Roy Kenneth Jonkers
Colonel, United States Air Force
of Former Intelligence Officers:
With deep sorrow AFIO mourns the passing of our Executive Director, Colonel Roy Jonkers, 76, DIA Intelligence Officer, Princeton Professor, Association Executive, Retired Air Force Colonel.
Roy Kenneth Jonkers, whose career in the intelligence field spanned almost 60 years, died on October 14, 2003, at age 76. He died of a heart attack at Virginia Medical Center-Arlington after collapsing at the Pentagon physical fitness facility.
His last of many intelligence positions was as executive director of the Association of Former Intelligence Officers, or AFIO.
Born in New York May 26, 1927 to Gerard A. and Jeannette Jonkers, his Dutch parents, Colonel Jonkers had dual citizenships in Holland and the U.S.. He spent much of his boyhood in The Netherlands, where he had his first exposure to the intelligence world at age 16, when he worked with an underground cell that saved 11 Dutch Jews.
After the war he returned to the U.S. and enlisted in the Army as a German linguist. He was sent to Germany where he did human intelligence collection on Soviet activities in East Germany. He was also involved in the Nurnberg war crime trials of members of the Waffen SS.
Colonel Jonkers graduated magna cum laude from Georgetown University and received a master’s degree in international relations from Stanford University He did additional graduate work in political science at Cambridge and George Washington universities. He received a master’s degree in that subject from Rutgers University, where he also completed course and examination work toward a doctorate.
In 1948 he married the lovely Vilma Kimenis, a native of Valka, Latvia. He joined the Air Force in 1952 and held a succession of increasingly sensitive intelligence posts, ranging from tactical intelligence to reconnaissance and psychological warfare that included the U.S. Embassy in Vietnam in the mid-1960s. He retired in 1983 and for the next decade was a corporate program and business development manager with GTE, retiring again in January 1994.
His honors include a Legion of Merit, Bronze Star, Meritorious Service Medal, two Air Force Commendation Medals and a Superior Service Medal.
In his post-military career, Colonel Jonkers received credit for reviving two professional intelligence organizations. Long active in the National Military Intelligence Association, he became president of its Potomac Chapter in 1983 and then national president. He left the NMIA presidency in 1989.In a continuation of his desire “to give something back to an intelligence community filled with fine people doing their best for our country,” in 1998 Col. Jonkers became executive director at the Association of Former Intelligence Officers, which was formed in 1975 as a support group for a beleaguered intelligence community. In the early 1990s, he organized symposia, drawing large numbers of attendees, instituted annual Intelligence Merit Awards, and created an extensive publications program. AFIO grew from 1,000 members to almost 4,000 at the time of his death.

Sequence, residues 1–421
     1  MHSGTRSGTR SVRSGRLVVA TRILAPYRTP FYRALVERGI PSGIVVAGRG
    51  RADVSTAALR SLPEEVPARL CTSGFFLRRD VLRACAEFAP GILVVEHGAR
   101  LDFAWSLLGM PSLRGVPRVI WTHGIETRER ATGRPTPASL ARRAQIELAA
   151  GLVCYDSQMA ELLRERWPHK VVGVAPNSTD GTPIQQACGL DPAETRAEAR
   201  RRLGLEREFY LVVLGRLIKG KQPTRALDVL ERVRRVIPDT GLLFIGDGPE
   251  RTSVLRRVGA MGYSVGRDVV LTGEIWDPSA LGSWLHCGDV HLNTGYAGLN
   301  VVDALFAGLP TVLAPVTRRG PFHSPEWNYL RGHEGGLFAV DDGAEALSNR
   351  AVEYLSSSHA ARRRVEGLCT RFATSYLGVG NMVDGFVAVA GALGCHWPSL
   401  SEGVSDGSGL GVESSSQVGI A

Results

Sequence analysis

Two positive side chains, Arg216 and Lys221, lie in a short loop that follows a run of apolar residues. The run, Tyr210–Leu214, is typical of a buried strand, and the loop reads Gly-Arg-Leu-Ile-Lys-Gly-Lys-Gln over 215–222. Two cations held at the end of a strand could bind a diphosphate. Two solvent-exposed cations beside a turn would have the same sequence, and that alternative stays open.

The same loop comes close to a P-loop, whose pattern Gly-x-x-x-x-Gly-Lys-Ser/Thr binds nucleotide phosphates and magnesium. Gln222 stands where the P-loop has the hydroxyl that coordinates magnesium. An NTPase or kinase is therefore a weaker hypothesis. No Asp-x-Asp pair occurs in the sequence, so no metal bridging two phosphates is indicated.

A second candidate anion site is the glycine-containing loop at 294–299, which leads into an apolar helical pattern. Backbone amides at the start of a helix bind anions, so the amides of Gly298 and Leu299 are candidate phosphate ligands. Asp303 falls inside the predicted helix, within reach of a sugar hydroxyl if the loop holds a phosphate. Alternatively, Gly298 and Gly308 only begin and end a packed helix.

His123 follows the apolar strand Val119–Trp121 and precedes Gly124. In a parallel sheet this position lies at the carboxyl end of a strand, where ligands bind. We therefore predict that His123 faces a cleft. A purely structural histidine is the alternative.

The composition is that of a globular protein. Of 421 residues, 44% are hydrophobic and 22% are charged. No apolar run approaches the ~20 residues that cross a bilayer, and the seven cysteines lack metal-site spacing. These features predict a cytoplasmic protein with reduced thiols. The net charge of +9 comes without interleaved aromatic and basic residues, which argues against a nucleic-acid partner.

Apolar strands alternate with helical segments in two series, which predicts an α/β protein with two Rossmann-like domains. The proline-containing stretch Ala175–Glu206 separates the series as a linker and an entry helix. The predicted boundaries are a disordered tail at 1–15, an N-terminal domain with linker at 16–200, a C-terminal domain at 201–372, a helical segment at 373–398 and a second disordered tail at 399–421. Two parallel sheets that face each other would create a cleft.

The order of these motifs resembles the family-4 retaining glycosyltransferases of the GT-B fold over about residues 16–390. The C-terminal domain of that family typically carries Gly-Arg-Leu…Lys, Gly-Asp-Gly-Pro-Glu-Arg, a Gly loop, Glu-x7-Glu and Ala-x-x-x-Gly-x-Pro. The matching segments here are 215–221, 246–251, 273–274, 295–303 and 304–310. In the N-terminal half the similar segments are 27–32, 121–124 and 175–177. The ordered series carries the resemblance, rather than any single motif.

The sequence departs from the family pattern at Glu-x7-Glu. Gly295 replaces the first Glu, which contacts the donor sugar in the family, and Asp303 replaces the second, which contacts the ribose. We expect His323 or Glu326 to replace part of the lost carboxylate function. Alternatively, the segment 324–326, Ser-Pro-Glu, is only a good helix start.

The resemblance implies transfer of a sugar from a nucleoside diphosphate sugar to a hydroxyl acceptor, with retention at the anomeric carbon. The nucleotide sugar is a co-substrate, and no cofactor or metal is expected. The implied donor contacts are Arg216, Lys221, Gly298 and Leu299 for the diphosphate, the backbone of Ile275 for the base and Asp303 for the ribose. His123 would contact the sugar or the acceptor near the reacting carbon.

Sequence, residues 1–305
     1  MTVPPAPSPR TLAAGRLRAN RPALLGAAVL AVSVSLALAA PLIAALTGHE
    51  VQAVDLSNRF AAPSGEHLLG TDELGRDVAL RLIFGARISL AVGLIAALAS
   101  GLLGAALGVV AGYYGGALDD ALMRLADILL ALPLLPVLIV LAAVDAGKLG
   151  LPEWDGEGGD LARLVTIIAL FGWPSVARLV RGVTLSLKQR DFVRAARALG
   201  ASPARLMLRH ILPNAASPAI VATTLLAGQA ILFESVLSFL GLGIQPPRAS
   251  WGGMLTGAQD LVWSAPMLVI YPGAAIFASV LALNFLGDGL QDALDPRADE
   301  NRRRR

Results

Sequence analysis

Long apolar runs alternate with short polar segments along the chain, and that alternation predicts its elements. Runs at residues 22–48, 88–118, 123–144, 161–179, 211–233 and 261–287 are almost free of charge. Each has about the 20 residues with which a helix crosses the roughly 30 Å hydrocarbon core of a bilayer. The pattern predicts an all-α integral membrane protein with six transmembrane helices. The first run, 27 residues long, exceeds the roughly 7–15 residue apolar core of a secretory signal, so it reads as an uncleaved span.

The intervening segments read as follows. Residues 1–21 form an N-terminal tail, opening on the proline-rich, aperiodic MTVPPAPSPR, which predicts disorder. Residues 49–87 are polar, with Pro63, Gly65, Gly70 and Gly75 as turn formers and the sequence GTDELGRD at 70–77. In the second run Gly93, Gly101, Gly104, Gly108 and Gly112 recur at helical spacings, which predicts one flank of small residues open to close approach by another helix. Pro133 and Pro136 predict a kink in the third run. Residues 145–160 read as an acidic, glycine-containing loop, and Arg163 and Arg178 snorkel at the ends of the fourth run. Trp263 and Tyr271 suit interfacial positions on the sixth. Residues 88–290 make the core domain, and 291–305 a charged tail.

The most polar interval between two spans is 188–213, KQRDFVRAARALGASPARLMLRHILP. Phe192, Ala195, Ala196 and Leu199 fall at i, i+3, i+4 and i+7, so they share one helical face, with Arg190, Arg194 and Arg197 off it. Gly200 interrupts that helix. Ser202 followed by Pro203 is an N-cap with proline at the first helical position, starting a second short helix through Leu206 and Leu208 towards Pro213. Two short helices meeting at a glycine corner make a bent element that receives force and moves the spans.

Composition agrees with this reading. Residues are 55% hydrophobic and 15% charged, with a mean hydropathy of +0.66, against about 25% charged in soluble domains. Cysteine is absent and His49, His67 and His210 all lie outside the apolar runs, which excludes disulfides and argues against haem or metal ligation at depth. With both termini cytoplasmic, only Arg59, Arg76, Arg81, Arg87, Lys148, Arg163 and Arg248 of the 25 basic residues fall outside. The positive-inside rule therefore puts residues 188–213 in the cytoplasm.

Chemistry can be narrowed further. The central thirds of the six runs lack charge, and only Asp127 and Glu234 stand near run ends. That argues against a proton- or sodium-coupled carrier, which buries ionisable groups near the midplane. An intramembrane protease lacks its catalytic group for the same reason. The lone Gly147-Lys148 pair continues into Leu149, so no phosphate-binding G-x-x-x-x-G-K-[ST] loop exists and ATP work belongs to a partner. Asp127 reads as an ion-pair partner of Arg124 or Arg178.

Colonel Jonkers taught international relations courses for the University of Maryland in 1959 and 1966. He was on the faculty of Princeton University as professor of aerospace studies, 1967-1971. On 17 September, his dear Vilma died of a heart attack on the front lawn of their house in Falls Church, VA. Roy was heartbroken.
Five weeks later, still reeling from her death, his heart stopped beating, as well.
He is survived by two sons, Ronald N. and Randall G.; a daughter, Sylvia Tahler, two sisters – Ellen Connaughton and Joyce Glanville — and three brothers – Richard, Reggie and Herbert — and seven grandchildren.
Memorial services will be held at Ft. Myer Chapel on Tuesday, December 2, at 1 p.m. Interment Arlington National Cemetery with full Military Honors.
The Jonkers family has asked that memorial contributions be made to the Jonkers Publications Fund at AFIO.
Family, friends and colleagues mourn the loss
of this loving husband and father, mentor and patriot, man of honor, whose
wise voice of experience, balance and common sense on national security
affairs — always displayed in his beloved Weekly Intelligence Notes — will
be greatly missed.Our final salute to one of AFIO’s own. Rest in peace,